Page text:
Worst Spring Cleaning Mistakes

25 Spring Cleaning Mistakes You Keep Making Every Year

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Worst Spring Cleaning Mistakes

cleaning conundrum

The sun is shining, the birds are chirping, and suddenly you feel that familiar urge to get rid of old junk and clean everything in sight. But chances are there are things you could be doing better, and maybe a few chores you're doing flat-out wrong. We asked experts to let us in on the most common spring cleaning mistakes — here are the things they say we keep doing wrong.

Related: 60 Handy Products to Refresh Your Home This Spring

Things Just Wasting Garage Space

biting off more than you can chew

"People get motivated to spring clean their home, but take on a large project too soon," says Stacey Agin Murray, a professional organizer with New Jersey-based Organized Artistry. Then they end up getting overwhelmed, and stop altogether. Instead, she recommends breaking big projects up into smaller "micro tasks." Examples could include "packing away winter items, taking inventory of gardening supplies, and sorting through last year's beach toys," she says. "Each micro task should not take more than an hour."
Decluttering Last, Not First
Hero Images/Getty Images

decluttering last, not first

If you've been inspired by Marie Kondo to declutter your home this spring, join the club. But decide what doesn't spark joy before you begin the deep cleaning of your home, not after, recommends Cyrus Bedwyr, a professional kitchen and oven cleaner with Fantastic Services. "There's no need to clean your kitchen spotlessly first, and take all the clutter out after that. Apart from creating a mess in your just-cleaned kitchen, you will make it dirty again."
Starting At the Bottom

starting at the bottom

Look up, not down — that's where you should start cleaning in every room. "It can be tempting to start with the baseboards and carpets, then work your way up to furniture and drapes," says Natalie Wise, author of "The Modern Organic Home." Instead, "it's much better to start at the top, with ceiling fans and drapes, and let any flyaway dust and dirt settle on the next 'layer' before cleaning that section. Otherwise, you'll have ceiling fan dust falling on your nicely cleaned floors."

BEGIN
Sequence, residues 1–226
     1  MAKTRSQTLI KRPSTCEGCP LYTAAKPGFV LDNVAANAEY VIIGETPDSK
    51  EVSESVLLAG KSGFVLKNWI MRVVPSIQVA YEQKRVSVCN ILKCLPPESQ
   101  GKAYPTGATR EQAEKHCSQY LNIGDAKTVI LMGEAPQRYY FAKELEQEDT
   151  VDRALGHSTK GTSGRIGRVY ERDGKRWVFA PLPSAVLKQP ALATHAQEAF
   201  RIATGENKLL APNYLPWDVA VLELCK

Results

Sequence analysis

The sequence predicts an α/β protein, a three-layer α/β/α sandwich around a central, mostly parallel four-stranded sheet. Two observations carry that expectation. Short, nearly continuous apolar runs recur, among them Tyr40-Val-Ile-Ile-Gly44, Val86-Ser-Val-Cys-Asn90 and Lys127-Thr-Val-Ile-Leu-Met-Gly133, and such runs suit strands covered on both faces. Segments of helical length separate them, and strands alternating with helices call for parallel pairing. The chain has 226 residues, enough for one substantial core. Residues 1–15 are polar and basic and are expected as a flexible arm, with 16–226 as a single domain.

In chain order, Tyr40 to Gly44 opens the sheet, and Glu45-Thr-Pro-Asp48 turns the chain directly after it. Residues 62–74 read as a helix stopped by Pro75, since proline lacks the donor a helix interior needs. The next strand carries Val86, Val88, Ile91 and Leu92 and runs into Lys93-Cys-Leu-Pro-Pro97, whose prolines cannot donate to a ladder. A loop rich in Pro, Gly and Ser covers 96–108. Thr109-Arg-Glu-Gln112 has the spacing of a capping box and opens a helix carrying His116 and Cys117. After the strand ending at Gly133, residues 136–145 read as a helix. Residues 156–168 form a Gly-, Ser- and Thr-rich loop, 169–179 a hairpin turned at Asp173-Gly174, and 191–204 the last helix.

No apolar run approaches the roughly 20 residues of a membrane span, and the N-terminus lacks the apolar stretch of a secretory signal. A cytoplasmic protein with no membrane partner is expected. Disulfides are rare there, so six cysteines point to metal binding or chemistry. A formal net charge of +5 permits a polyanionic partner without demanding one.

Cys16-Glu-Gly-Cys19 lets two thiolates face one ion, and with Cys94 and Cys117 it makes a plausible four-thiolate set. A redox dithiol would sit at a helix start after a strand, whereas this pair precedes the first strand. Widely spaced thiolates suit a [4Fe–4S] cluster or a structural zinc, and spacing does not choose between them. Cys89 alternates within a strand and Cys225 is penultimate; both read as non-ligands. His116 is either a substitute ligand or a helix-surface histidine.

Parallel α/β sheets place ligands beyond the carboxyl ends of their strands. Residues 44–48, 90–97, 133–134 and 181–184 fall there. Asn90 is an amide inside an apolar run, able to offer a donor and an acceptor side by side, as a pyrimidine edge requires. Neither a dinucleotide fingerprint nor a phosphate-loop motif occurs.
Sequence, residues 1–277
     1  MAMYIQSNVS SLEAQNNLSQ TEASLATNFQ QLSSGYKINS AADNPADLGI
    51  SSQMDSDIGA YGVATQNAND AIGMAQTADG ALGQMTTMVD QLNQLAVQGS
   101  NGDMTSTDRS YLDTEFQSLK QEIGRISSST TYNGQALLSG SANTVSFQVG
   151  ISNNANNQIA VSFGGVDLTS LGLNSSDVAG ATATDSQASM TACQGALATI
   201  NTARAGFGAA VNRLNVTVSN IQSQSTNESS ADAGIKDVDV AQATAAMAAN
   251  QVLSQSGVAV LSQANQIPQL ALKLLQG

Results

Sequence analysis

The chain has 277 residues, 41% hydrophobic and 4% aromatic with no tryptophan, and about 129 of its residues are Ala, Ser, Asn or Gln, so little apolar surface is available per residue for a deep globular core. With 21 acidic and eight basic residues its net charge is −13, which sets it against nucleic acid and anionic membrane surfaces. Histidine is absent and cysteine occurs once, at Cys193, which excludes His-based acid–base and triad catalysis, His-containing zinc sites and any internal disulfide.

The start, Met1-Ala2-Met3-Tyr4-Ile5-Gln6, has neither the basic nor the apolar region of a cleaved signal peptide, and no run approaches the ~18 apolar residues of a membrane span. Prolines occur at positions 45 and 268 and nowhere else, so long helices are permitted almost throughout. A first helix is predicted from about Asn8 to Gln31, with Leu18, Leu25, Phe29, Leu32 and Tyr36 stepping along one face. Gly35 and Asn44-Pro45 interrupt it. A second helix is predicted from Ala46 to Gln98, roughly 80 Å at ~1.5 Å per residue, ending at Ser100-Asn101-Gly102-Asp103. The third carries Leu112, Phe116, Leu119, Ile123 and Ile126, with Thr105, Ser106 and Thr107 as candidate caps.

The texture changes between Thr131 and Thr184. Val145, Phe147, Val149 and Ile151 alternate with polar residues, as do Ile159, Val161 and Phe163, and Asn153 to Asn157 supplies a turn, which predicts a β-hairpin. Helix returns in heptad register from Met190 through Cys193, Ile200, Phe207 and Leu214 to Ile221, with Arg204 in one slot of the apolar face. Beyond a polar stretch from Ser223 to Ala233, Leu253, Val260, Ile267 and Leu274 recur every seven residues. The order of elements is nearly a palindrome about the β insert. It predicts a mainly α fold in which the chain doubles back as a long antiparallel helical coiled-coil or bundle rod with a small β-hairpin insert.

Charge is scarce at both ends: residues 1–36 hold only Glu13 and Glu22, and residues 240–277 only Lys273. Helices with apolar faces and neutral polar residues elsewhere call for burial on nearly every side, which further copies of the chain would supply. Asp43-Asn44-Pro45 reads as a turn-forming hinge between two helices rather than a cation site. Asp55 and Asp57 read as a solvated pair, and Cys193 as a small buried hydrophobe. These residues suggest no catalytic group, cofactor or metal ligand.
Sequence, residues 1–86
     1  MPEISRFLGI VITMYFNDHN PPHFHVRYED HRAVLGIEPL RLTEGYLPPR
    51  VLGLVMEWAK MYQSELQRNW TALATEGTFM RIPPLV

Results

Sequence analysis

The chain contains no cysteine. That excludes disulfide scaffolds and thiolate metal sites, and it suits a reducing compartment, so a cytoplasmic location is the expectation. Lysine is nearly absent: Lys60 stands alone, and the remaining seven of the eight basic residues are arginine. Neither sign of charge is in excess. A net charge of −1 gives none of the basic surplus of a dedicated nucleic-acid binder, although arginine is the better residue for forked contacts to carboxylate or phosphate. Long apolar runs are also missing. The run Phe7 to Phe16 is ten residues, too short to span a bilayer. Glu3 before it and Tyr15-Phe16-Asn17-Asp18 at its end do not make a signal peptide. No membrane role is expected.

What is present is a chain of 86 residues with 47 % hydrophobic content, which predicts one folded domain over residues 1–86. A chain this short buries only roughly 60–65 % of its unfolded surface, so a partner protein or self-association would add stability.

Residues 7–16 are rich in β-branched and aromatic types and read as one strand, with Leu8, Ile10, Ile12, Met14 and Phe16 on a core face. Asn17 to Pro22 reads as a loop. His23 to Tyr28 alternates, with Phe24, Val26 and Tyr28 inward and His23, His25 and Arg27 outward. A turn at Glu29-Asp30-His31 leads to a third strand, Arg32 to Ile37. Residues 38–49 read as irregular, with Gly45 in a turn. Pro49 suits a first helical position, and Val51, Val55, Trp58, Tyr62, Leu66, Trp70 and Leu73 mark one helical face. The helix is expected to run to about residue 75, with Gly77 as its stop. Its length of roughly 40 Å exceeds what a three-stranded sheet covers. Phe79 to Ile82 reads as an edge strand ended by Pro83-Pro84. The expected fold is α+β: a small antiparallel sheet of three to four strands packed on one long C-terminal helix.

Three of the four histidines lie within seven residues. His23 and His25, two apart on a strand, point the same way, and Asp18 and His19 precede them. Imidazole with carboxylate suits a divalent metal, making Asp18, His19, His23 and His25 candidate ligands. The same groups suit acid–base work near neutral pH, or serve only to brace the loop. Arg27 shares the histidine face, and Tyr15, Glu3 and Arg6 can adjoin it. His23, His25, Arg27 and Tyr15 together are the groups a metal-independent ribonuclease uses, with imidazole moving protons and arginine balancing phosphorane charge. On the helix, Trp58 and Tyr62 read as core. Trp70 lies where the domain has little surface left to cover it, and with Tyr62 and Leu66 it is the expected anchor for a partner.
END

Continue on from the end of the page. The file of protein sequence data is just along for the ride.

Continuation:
Steam Cleaning a Wood Floor

steam cleaning a wood floor

Steam cleaners and wood floors are rarely a match, experts say. "When you clean your wood floors and use water, you need that water to evaporate as soon as possible," says Alberto Navarrete, general manager of Emily's Maids in Dallas. "Using steam can get a great amount of water on your floor and cause damage if your wood is not treated. Microfiber is much better for your wood floors, and often, just enough." Brett Miller, vice president of education and certification for the National Wood Flooring Association, agrees that sweeping, dust mopping, and vacuuming are all you need for regular maintenance, while a professional wood floor cleaning product is best for occasional deep cleaning.
Using Glass Cleaners on Electronics ...

using glass cleaners on electronics ...

You can use glass cleaner for everything, right? Wrong, says Jack Prenter, founder of ChoreBliss, a Toronto-based house cleaning service. "Products like Windex are incredibly harsh because they contain ammonia. When used on your TV or other devices, they can strip away the upper layer of the screen, causing bubbling, liquid damage, and large marks," he cautions. There are specialized screen cleaners, but if you don't want to spend money on them, you don't have to. A damp microfiber cloth works just fine, Prenter says.
... or Stone Countertops

... or stone countertops

Glass cleaners are also a no-no on your stone counters, says Lenny Sciarrino, CEO of Granite Gold. "They can cause costly damage to the stone and lead to dulling over time." DIY vinegar cleaning solutions also aren't a good idea. "The acidity of vinegar can strip off sealant and seep into the pores of the stone leading to discoloration, dulling, and etching," he cautions. Dish soap and water are fine for everyday cleaning of granite if you won't want to spring for a stone-safe commercial cleaner.

Tackling Soap Scum With Normal Cleaners

tackling soap scum with normal cleaners

Most all-purpose cleaners, and even some billed specifically for bathrooms, won't make a dent in that stubborn soap scum. What will might surprise you, however. "The easiest way to break down soap scum is to simply scrub the fixtures with a dryer sheet," says Kathy St. Croix, president of Mr. Rooter Plumbing of Greater Syracuse, N.Y. "Another option is to try putting a small amount of cooking spray on the fixture. However, look for plain cooking spray options that don't have a lot of add-ins. Coat the fixture in your cooking spray and then wipe it clean with a gentle cloth."
Being Too Rough With Windows

being too rough with windows